When someone says “Nicktoons” what’s the first thing that comes to your mind?
SpongeBob. Rugrats. Rocko’s Modern Life. Doug. Hey Arnold!
Early on there were so many great shows produced by Nickelodeon that still deeply resonates with young adults like myself.
As I binged Crazy Ex-Girlfriend I would feel a mix of emotions – from laughter to cringe, from cringe to cringe, from cringe to awe (love the musical numbers) and then back to laughter and cringe.
It’s a ridiculous show with a ridiculous premise that bathes itself in over-reactive and exaggerated characters – it’s really good.
Okay, now that you’re caught up…
To some people (actually most people unfortunately) politics is more about faith than it is about facts.
Roseanne Barr was never the kind of person to shy away from giving her political opinion, no matter how controversial or atypical to left-leaning Hollywood.
It’s fascinating to me how writers can make this work and the philosophy of comedy that petains to it.
In dramas we have anti-heroes: Our Walter Whites, Tony Sopranos etc.
What makes us love these shows? What makes us want to watch these despicable characters go through trials and tribulations? And when they succeed, what makes us happy for them?
Sitcoms come and go and there are a lot of them.
“New Girl” was consistently average comfort food. At its worst (Final season, Seasons 1/2) it was background noise. At its best (Seasons 3-5) it was filled with things to chuckle about and a couple things to laugh out loud about.
When writers outline their script it’s important to try and understand how the audience feels, essentially about everything.
Dialogue can tell us a lot about character, but I want to focus on the structure of story itself.
Seasons 1 and 2 of “Silicon Valley” were hilarious and probably the funniest we’ll ever see the show. Season 3 lagged as fans and critics felt we were stuck in a cycle of failure and success.
13 Reasons Why season one was solid.
There were ebbs and flows throughout the season, but overall it was a strong mystery with a satisfying, yet devastating conclusion.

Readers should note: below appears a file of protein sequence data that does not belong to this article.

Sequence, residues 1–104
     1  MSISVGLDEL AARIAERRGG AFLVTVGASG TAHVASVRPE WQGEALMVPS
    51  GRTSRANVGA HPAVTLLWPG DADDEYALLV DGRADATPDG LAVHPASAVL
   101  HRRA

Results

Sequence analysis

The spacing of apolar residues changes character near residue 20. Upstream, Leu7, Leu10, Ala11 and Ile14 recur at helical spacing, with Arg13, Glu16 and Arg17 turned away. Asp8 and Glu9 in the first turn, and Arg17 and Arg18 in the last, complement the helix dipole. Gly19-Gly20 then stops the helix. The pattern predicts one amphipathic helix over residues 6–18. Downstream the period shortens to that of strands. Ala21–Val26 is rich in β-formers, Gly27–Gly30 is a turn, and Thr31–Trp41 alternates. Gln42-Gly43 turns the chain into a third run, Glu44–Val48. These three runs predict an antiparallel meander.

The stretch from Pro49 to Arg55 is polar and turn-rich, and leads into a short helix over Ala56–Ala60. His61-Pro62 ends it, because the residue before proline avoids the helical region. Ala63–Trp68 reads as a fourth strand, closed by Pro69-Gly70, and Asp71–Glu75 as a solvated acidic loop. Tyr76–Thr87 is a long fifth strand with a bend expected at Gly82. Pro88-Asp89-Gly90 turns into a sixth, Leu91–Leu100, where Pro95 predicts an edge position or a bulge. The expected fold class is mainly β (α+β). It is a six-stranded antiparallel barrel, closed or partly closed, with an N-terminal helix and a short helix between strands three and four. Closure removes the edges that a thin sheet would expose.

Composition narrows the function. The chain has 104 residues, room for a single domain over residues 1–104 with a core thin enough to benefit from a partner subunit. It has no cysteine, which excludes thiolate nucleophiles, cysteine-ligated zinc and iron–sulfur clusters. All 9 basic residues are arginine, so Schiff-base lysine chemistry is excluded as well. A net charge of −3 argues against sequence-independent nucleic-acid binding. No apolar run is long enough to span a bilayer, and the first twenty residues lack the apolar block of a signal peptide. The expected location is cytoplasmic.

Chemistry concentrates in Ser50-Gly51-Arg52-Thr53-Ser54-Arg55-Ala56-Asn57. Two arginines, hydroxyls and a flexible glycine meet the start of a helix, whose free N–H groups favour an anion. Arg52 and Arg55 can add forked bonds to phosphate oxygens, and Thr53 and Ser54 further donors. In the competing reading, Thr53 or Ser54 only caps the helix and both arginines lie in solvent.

Everything comes together. Without questionable cliffhangers it would’ve been a strong mini-series and critics agree.
Katherine Langford earned a well-deserved Golden Globe nomination and the critics landed on an admirable 76.
Loud internet fandom reveals inherit faults in aged Nielson rating system (this could’ve been a headline a decade ago!)
The Nielson ratings are absurd and just about every major network still swears by them.
Earlier this month shows such as “Brooklyn Nine-Nine” and “The Expanse” were cancelled. Several other shows were cancelled along with them.
However these two specific shows had loud fanbases. “Brooklyn Nine-Nine” was rescued by NBC and “The Expanse,” as of now still cancelled, has fans flying plane banners attempting to resucue the SyFy series.
On Wednesday “The Expanse” was met again with a subpar Nielson rating. The outcry is so strong though, that I feel confident it will be picked up.
Back in the “Firefly” and “Freaks and Geeks” days the internet wasn’t this massive community of outspoken, pissed off people.
The Nielson metric was obsolete over a decade ago. Every show my wife and I watch isn’t contributed to their number, and the same can be said of millions of people across the country.
Time to update.
“An R-rated movie from the Jim Henson company!? I’m in!”
That was me a few years ago when “The Happytime Murders” was announced. I love The Muppets and all the work the Jim Henson Company has done.
This… does not look good.
There’s been a trend lately that I hope dies: Production companies determine their MPAA rating before pre-production in order to stir up hype.
However, the script and resulting film should determine its rating. Articles talk about Tarantino’s “R-rated Star Trek,” yet it hasn’t been written.
The story should dictate the MPAA rating and this trend is a blatant example of studios having too much control in the creative process.
It was announced yesterday that, in an attempt to be less humorous and all-around good, Fox has cancelled “Last Man on Earth,” “Brooklyn Nine-Nine,” and “The Mick.”
“Brooklyn Nine-Nine” is a fan favorite and the fanbase has been shouting. It’s all but guranteed that the cop show will return, maybe on Hulu.
Then there’s “Last Man on Earth,” a show with a strong first season that delves into low-budget slapstick and giddiness as it moves on through its four seasons.